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How Is Silver Made?

From a rare and precious metal to the most varied applicability

Although Silver is the most commonly used metal in bullion and jewellery, its use has reached many other industries, including dentistry, healthcare, telecommunication, electronics, houseware, energy, automotive, and many others.

Like Gold, Silver is an estimated precious metal, and despite its widespread use, it is still a rare and valuable commodity; just like its yellow counterpart, Silver is formed within the earth from sulphur compounds.


Silver History and Its Extraction

Silver was first discovered in nugget form (called native Silver) about 4000 B.C.; However, the manufacturing of Silver started around the sixteenth century in Mexico, using a patio process. That method involves mixing Silver ore, salt, copper sulphide and water. What happens after is that the resultant Silver chloride is picked up by adding mercury.

By the way, do you know what “Silver ore” means? It is natural mineral formations that contain Ag in compounds and quantities that commercial use is technically feasible and economically profitable. Silver is commonly extracted from ore by smelting or chemical leaching. According to the Encyclopedia Britannica and The Royal Society of Chemistry, a typical ore might contain 0.085 percent of Silver, 0.5 percent lead, 0.5 percent copper, and 0.3 percent antimony. The most important ore mineral of Silver is argentite (Ag2S, Silver sulphide).

With time, the Von Patera method became the most commonly used way to extract Silver. It is when Silver ore is heated with rock salt, producing Silver chloride, which is then leached out with sodium hyposulfite.


The Fastest-Growing Uses Of Silver

Silver handling is very flexible and can be turned into a flake, coin, bar, paste, or sheet; in addition, Silver is susceptible to light. That sensitivity has led to its use within the photovoltaic, or solar energy industry, where it is mixed with other elements to be used as a conductive ink called photovoltaic. Photovoltaic cells are used in solar panels to capture sunlight by transforming it to carry electrical currents to provide electricity. Even the Nuclear sector uses Silver to create energy.

Silver Antibacterial and Medicinal Applications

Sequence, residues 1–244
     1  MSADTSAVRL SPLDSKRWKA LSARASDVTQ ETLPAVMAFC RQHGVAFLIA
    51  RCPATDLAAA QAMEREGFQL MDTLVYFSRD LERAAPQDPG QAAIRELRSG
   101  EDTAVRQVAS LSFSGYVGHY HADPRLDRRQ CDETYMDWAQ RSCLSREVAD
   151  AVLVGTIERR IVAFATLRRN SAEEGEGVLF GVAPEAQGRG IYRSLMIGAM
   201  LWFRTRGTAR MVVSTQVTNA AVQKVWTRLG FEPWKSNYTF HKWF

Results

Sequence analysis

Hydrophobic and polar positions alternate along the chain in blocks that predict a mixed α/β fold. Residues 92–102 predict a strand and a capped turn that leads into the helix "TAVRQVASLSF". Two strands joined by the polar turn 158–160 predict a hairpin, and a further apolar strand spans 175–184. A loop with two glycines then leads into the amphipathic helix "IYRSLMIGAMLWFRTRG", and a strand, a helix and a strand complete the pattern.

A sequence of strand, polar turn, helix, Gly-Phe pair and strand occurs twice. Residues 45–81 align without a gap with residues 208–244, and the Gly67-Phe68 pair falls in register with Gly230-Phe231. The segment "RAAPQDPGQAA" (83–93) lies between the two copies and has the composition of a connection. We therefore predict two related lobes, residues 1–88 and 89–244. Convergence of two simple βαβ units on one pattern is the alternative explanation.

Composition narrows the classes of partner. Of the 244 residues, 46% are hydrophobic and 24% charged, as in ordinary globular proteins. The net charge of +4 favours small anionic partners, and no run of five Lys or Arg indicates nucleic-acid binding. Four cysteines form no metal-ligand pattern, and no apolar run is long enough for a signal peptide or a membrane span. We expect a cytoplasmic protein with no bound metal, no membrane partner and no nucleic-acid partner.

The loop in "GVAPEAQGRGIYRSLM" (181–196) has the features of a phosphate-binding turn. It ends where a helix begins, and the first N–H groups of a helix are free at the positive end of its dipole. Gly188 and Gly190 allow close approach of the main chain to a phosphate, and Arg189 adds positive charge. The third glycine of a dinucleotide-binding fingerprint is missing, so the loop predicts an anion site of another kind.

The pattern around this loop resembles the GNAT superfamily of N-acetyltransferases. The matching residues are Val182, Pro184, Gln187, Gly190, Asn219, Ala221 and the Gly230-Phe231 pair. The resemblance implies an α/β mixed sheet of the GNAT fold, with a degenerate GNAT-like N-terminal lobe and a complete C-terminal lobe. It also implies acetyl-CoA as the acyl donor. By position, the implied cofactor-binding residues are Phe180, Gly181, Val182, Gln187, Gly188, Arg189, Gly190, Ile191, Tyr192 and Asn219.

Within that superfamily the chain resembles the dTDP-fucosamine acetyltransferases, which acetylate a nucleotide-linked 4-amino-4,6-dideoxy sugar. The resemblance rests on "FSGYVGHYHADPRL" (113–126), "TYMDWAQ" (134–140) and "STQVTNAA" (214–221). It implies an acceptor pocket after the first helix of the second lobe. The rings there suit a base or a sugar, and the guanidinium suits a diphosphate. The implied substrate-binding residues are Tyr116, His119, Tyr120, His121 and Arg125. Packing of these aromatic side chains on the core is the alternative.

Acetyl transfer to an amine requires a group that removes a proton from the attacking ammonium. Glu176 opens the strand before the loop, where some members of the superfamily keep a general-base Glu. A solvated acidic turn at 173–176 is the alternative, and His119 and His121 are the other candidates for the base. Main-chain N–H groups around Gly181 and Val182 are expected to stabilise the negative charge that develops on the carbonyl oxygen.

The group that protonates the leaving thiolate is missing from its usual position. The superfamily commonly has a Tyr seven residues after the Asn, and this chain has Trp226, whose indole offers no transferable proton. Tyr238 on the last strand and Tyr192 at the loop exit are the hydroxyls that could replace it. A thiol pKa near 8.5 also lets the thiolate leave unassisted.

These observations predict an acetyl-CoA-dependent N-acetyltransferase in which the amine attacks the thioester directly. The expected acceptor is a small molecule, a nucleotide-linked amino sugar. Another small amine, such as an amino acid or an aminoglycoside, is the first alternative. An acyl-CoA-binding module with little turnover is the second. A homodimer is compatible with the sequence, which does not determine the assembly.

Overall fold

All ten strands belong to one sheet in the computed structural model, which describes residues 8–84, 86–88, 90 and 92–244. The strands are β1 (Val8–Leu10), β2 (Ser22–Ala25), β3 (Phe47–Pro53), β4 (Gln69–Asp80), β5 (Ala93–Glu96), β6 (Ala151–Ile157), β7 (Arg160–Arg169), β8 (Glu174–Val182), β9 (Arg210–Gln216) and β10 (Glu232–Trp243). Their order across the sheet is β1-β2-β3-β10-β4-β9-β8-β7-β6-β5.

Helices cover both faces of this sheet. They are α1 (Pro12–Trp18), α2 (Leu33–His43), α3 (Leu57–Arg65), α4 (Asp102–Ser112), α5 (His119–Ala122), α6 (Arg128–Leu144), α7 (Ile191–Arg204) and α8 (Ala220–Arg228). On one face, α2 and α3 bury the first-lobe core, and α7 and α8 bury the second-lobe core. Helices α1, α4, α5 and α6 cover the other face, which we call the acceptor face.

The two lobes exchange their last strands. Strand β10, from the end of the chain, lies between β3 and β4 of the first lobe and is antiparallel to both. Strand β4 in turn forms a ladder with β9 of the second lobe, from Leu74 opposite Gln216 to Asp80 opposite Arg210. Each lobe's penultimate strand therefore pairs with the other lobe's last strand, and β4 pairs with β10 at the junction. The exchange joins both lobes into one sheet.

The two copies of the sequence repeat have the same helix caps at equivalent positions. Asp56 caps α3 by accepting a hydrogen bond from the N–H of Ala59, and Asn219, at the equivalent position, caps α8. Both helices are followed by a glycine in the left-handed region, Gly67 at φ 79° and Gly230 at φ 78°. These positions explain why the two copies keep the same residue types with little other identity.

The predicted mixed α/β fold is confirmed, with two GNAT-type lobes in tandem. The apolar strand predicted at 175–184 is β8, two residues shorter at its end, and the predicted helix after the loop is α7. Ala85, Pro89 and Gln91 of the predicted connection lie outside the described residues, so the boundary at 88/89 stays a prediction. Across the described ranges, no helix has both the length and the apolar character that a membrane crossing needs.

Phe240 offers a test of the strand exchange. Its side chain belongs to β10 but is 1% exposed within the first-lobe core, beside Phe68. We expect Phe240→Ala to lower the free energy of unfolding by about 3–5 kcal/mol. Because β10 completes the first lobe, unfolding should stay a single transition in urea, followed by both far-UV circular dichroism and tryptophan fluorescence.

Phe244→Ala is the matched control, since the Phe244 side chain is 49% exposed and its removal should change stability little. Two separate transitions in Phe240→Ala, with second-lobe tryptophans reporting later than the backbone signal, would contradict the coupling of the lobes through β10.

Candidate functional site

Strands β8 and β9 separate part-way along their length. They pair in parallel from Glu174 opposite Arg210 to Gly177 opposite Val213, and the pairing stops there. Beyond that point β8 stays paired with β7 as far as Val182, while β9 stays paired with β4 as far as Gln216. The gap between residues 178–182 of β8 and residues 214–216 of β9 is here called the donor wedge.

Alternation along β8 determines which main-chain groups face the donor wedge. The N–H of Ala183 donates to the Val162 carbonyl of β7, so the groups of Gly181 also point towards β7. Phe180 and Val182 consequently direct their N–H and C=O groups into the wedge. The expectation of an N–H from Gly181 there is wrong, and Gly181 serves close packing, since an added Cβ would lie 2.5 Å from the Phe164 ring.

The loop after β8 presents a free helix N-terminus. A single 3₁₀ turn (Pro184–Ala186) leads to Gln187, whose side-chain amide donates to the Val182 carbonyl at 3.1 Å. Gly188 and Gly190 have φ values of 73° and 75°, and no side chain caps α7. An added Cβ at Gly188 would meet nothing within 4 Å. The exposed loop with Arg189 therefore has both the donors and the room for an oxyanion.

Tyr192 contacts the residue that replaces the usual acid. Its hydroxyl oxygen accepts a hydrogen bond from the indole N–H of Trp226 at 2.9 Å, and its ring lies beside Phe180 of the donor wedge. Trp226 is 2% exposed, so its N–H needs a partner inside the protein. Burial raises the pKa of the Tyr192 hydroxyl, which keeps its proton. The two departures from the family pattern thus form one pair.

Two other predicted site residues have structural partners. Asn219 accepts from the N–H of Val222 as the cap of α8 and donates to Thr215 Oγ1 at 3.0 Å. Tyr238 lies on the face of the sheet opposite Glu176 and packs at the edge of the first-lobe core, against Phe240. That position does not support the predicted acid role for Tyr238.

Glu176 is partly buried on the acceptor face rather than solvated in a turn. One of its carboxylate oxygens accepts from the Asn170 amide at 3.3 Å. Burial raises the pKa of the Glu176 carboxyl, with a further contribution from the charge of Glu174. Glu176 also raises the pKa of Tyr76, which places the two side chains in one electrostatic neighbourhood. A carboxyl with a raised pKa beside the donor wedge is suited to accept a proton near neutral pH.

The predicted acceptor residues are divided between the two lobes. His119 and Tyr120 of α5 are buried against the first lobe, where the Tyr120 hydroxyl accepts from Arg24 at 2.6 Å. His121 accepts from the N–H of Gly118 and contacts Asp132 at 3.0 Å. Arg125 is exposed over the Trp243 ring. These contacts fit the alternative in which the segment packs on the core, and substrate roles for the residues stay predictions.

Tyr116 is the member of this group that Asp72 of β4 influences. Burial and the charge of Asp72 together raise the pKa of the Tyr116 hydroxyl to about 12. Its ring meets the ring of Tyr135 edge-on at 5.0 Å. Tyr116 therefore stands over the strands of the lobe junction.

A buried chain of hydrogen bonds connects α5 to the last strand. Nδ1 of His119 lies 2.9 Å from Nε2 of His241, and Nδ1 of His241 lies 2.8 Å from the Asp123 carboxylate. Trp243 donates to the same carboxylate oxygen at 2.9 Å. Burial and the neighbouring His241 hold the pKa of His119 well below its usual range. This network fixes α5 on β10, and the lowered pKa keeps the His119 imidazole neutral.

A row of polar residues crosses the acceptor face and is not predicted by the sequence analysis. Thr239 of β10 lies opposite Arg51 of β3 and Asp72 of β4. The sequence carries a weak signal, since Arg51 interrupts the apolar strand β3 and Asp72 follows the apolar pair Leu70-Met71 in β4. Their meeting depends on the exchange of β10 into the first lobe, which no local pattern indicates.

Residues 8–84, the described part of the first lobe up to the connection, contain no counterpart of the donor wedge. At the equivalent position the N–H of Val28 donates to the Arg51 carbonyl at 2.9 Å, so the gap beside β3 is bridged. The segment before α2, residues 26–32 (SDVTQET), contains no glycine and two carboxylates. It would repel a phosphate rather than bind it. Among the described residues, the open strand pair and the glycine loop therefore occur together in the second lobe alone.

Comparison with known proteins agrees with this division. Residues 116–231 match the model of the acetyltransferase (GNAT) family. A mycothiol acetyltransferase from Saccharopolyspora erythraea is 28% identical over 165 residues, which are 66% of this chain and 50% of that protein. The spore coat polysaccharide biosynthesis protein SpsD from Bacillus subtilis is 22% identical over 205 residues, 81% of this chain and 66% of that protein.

Silver is non-toxic and has antimicrobial properties; it is, therefore, also used in water filters containing carbon as Silver inhibits potential bacterial growth.

Similarly, Silver’s antimicrobial properties help fight against germs and have been used as an antibiotic. According to the Silver Institute, doctors have used Silver nitrate drops to prevent eye infections. Furthermore, it has also become more common to use Silver in bandages and ointments to stop the growth of bacteria, as well as in healthcare facilities that are faced with antibiotic-resistant “superbugs” through Silver-embedded equipment and surgical tools, needles, stethoscopes, and in extreme cases, furniture and linens.


A Rare but Accessible Precious Metal

Although Silver is less costly than Gold, it is still a precious, valuable metal. Its widespread use within various industries demonstrates its endless capabilities and the broad demand for this precious metal. For this reason, more and more investors are increasingly interested in diversifying their bullion portfolio, adding more Silver bars or coins. For example, to this day, the Canadian Silver Maple Leaf coin is the most popular Silver coin to add to your portfolio.

Thus it may be the time to make your move. Navigate through our complete available inventory, or check the newest products in stock, and you will find the perfect option for you to choose. Our team of specialists at Express Gold Refining will be pleased to speak with you and answer all your questions regarding investment in precious metals.

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